What I carry in my backpack is not a substitute for what’s between my ears. This is especially true with my first aid kit when hiking and backpacking in the wilderness: rather than thinking of this collection of items as a get-out-of-jail-free card, I’m much better served by having researched beforehand the environmental and route conditions I will likely encounter, and then using common sense in the field: identifying risks, respecting the limits of my group, and making conservative decisions.
On each trip, I hope to avoid medical situations completely. In the instances when I have, I’ve been humbled by how few things I can fully treat in the field — minor cuts, burns, and scrapes; overuse aches and pains; minor allergic reactions, diarrhea, and acute mountain sickness; plus a few other things. For anything more, I’m looking at a self-rescue or an assisted evacuation.
Gear list: Backpacking first aid kit for soloists and groups
My DIY first aid kit has been field-tested by and refined over hundreds of solo and group trips, throughout the Appalachians, High Sierra, Desert Southwest, and Rocky Mountains. To download it as a PDF or editable spreadsheet, go here.
- Critical = A must-have, no exceptions
- Suggested = A valuable addition, few reasons not to bring
- Optional = Not critical, but worth consideration
- Depends = Contingent on trip objectives, conditions, and/or other selections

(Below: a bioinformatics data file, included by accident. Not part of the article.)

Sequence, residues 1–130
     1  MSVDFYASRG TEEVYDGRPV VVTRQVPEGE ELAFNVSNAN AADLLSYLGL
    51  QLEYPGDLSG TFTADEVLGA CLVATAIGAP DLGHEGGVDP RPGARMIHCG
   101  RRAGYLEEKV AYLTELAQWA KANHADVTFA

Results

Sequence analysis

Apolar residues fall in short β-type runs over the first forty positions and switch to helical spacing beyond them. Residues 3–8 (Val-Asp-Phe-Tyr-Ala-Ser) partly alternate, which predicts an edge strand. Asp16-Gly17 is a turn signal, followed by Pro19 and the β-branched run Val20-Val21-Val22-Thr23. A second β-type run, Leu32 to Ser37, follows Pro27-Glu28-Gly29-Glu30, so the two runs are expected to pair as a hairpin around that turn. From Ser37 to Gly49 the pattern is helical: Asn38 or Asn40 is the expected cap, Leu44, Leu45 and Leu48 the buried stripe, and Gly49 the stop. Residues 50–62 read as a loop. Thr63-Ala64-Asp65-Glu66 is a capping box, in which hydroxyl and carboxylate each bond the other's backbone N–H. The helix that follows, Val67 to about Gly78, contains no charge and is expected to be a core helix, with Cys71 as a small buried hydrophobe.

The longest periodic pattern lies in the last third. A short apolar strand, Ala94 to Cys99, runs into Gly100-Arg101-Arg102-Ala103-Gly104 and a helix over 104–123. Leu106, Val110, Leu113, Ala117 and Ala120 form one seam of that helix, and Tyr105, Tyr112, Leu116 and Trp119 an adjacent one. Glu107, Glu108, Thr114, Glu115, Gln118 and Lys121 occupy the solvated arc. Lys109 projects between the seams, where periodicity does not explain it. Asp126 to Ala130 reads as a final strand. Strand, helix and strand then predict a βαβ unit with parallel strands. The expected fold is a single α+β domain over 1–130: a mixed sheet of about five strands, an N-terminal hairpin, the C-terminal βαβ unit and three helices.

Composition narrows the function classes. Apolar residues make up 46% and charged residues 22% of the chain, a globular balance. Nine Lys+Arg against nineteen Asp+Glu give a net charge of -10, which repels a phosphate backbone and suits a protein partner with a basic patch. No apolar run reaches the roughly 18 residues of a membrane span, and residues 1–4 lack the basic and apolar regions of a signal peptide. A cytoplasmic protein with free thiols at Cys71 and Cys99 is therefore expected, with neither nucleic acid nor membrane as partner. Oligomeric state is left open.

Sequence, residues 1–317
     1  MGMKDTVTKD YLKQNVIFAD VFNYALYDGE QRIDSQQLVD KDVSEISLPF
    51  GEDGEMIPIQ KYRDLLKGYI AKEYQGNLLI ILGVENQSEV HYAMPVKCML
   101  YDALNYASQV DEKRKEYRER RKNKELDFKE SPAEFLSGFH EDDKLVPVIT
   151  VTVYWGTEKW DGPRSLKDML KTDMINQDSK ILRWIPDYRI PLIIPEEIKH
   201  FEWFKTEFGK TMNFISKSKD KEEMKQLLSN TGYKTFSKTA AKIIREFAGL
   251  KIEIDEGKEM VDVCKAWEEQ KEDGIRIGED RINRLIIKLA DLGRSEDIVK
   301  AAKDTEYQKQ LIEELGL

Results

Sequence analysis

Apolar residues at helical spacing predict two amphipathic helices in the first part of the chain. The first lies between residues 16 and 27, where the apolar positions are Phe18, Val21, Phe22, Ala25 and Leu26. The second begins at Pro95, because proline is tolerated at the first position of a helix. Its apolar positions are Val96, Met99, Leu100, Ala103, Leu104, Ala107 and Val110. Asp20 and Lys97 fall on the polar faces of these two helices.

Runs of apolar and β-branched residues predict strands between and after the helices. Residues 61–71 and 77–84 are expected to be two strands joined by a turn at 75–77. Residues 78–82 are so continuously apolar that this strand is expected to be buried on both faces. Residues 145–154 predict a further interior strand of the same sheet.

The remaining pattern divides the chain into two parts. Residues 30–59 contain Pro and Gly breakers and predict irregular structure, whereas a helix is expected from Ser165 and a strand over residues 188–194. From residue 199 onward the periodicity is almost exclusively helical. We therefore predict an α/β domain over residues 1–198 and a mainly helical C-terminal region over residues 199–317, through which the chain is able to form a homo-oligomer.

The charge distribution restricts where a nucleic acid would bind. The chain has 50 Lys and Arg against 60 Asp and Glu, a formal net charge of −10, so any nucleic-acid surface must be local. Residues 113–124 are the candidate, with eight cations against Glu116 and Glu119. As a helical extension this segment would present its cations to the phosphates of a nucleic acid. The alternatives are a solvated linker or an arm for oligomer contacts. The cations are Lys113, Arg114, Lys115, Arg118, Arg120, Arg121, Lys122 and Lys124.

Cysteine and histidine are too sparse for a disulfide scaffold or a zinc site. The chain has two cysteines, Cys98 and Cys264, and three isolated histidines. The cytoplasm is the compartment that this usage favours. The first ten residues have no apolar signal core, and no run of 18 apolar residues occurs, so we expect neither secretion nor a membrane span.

- Unnecessary = Unlikely to need and/or can be improvised
A first aid kit does not translate into medical know-how. For that, consider some training — at least CPR certification, but ideally Wilderness First Aid or Wilderness First Responder (especially for trip leaders and avid soloists) through organizations like WMI (NOLS), WMAI, and SOLO.
DIY or commercial first aid kits?
Commercial first aid kits like the AMK Ultralight are convenient, but I’d recommend assembling your own. A DIY kit will be less expensive (at least for what you get, especially in the long run as you need to replenish items) and it can be better tailored to the unique medical needs of your group, activities, and environment.
You may be forced to buy amounts in excess of what you need. With the leftovers, create additional first aid kits for your home and vehicle(s).
Solo versus group kit
On a group trip, medical situations are more likely and more diverse in nature, simply due to there being more people, each with a unique medical history. Appropriately, then, my group first aid kit is more robust than what I carry when solo — I bring more items and greater quantities of each item.
My solo kit is a slimmed-down version of my group kit. For example, I leave behind aspirin (which I don’t need, but which I might give to an older group member with symptoms of a heart attack) and disposable gloves (since it’s okay for me to be in contact with my own body fluids), and I bring a smaller utility tool because I likely will not need it as often or as much.
The amount of each item I carry is a function of the trip duration, group size, and my sense of its importance. My philosophy is this: If I really need an item, I want to have enough to address fully the medical event.
For example, if I come down with iliotibial tendentious (“runner’s knee”) I want enough anti-inflammatory medications so that I can take full dosage until I exit or arrive at the next town with a drugstore. And if I were to badly cut myself, I want enough wound dressings and tape to treat it properly.
I have never weighed my first aid kit. If you do, you are welcome to share what you get. But, frankly, its weight is irrelevant: my kit has what I need and not much extra (or any extra), and knowing its weight would not prompt me to reconsider its contents. If I were striving to be an “ultralight” backpacker (whatever that means), my approach towards first aid would be no different.
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